Las week - on February 6 - the news reports surfaced that Kinder Morgan Inc. (KMI) is being sued in a class action by one or more investors in Kinder Morgan Energy Partners LP (KMP) because of how KMI, over several years, determined distributable cash flow and the distribution amounts paid to KMP investors along with the amounts of incentive distribution rights - IDRs - paid to KMI as the general partner of KMP. MLP Data has obtained a fax copy of the full complaint, "JON SLOTOROFF, Plaintiff v. KINDER MORGAN, INC.; KINDER MORGAN G.P.,INC., Defendants,-and KINDER MORGAN ENERGY PARTNERS, L.P.,Nominal Defendant." Dated February 5, 2014. I have read through the entire 39 pages of the complaint to pass along my findings and impressions.
The underlying argument in the suit is that KMI, as general partner, allocated too little of KMP's capital spending to maintenance capital which reduces DCF, and too much of to expansion capital, which is typically funded through equity issuance and debt. As a result, KMI set distribution rates to KMP unit holders too high and earned billions in IDRs for itself. Also, the equity and debt issues unfairly burdens and dilutes the holdings of KMP limited partner investors. The lawsuit arguments focus on the years 2010 through 2012. From the lawsuit:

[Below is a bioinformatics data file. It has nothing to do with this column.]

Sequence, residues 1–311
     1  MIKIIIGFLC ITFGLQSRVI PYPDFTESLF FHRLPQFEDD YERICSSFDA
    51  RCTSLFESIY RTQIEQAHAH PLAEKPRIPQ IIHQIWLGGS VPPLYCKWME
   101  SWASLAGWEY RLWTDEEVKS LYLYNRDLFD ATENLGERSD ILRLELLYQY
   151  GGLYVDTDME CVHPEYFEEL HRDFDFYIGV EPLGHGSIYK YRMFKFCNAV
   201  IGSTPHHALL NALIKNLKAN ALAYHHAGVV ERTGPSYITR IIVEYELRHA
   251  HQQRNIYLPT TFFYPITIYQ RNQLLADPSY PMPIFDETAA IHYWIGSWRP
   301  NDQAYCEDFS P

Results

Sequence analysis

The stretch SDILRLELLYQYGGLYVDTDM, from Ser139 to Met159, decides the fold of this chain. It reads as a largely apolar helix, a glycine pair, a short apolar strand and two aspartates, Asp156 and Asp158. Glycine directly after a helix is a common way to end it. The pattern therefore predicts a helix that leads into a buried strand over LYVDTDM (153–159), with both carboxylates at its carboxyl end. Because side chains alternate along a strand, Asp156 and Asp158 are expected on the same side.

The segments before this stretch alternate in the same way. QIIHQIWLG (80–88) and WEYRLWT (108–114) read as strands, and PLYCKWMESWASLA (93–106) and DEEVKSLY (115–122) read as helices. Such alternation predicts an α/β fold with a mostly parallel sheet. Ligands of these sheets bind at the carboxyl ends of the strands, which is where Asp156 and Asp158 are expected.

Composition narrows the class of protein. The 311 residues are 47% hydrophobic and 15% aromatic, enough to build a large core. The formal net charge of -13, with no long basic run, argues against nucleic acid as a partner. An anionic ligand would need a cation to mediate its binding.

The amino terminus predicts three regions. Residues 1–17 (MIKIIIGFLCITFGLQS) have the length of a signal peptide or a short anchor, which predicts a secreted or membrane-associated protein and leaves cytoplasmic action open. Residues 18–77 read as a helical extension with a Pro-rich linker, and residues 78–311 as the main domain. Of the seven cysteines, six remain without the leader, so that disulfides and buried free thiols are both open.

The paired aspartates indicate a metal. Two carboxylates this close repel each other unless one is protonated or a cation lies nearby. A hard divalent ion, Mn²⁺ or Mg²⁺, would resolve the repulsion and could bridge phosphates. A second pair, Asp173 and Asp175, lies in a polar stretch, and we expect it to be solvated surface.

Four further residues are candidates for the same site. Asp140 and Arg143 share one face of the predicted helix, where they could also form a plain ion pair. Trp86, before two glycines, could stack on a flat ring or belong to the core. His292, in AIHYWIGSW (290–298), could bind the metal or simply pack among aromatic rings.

"By allocating expenditures wholly or almost wholly to Expansion Capex rather than Maintenance Capex, KMI has ensured that, quarter after quarter, hundreds of millions of dollars exit KMP through improper Distributions and are thereafter not available for maintenance or other operational purposes. This practice leaves KMP vulnerable to, at best, a steady decline in earnings over the coming years and at worst, an utter inability to respond to problems that may arise."
Lawsuit Arguments Are Not Convincing
The basis of the lawsuit is that the KMP partnership agreement requires that KMI, as general partner, must exercise "good faith" when determining distributable cash flow and subsequently the distributions paid to LP investors and the IDRs going to the GP. Maintenance capex is subtracted from operating cash flow, reducing the level of DCF. The lawsuit uses several "comparisons" to try to make the case that KMI allocated too small of a portion of KMI's capital spending to maintenance capex. From my layman's point of view, it would seem pretty easy to shoot holes in most, if not all, of the arguments.